Review by Jason Guest
Germany’s Secrets of the Moon refuse to identify their music as simply black metal, and rightly so. Of course, their sound bears all the tropes of the genre: blast beats, tremolo-picked riffs and icy chords, and scowling BM vocals. Their reasons for brushing the genre tag aside are because of the complex structures of their songs, the technical riffs that are usually the stuff of prog metal, elaborate lead work, and extended passages that transcend the boundaries of BM. Where their last two releases – 2006’s Antithesis and 2009’s Privilegivm – somehow weren’t as accomplished as 2004’s Carved in Stigmata Wounds, Seven Bells is set to restore that balance.
The opening title track builds from a slow arpeggio accompanied by atmospheric guitar that swells into an aggressive, chugging build that launches into a dirge laden with dark melody and driving rhythms. The track is a hypnotic, slow, steady groove with a vocal delivery that’s still black but clearer meaning that the occult and satanic lyrical imagery is intensified. ‘Goathead’ opens with a blast of the fast and furious, the black metal rampage urging the track forward, an emerging half-time passage slows the track to a doom-tempo dirge that slowly develops with layers of distorted guitar chords being slowly added. The first two or so minutes of ‘Serpent Messiah’ are delivered with black metal ire in both pace and venom before a brief breakdown that gives way again to the wrath before a long dirge-filled coda that again adds layer upon layer of guitar lines and chords to create a cacophony of torturous discordant and disturbing sounds. ‘Blood into Wine’ is more doom and prog than black metal, shifting between the rabid and the highly developed melodies and dynamics. ‘Worship’ is epic in proportion, the song slowly building and developing as it proceeds, the band working to control its steady growth and allow the darkness to breathe deeply. And at around the twelve minute mark each, ‘Nyx’ and ‘The Three Beggars’ are both vast, utilising the strategies thus far displayed across the album to great effect. The solo organ in the last four minutes of ‘Nyx’ is stunning in its haunting simplicity, and the rapid, the rabid, and the progressive aspects of ‘The Three Beggars’ constitute a piece that is vast in its dynamic scope and its impact.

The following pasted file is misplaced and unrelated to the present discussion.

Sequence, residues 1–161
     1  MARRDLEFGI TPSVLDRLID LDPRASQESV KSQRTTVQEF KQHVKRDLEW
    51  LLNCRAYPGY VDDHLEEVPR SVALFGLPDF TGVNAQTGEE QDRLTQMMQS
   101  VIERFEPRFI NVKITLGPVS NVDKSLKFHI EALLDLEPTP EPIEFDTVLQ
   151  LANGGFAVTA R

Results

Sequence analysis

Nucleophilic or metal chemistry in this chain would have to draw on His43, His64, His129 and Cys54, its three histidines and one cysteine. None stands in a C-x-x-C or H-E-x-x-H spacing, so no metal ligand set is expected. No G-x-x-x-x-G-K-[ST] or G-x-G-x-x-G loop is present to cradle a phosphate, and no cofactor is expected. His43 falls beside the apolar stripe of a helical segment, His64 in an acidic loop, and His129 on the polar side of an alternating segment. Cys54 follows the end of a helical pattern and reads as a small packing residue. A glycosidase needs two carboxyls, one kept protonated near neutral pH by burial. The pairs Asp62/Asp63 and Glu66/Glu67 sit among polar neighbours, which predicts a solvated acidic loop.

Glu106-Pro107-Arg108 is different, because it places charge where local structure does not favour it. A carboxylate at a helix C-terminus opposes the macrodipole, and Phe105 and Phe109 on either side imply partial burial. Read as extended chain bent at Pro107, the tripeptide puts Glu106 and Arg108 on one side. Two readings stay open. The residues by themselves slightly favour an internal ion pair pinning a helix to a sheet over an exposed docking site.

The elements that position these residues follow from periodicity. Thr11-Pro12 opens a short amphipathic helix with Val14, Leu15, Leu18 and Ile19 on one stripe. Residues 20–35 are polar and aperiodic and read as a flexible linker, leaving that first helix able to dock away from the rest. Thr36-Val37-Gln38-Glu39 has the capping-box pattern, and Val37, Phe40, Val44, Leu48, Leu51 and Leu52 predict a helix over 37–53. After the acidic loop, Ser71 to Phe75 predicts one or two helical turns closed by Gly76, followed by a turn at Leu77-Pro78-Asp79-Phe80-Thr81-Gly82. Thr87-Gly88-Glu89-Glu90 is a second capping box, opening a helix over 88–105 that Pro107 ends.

That Seven Bells is one hour long and consists of just seven songs (all opening with bell chimes, hence the title) that range from six and a half minutes to twelve and a half minutes in length and that each song is determinedly slow in its development may not appeal to most. But the duration is what gives each track its quality. The musicians allow themselves to explore the dark aesthetic and add subtle shades, the nuances emerging with repeated listens and making the ominous experience a richer and more powerful one. A slow burner, but a long and a good one.
7 out of 10
Blood into Wine
The Three Beggars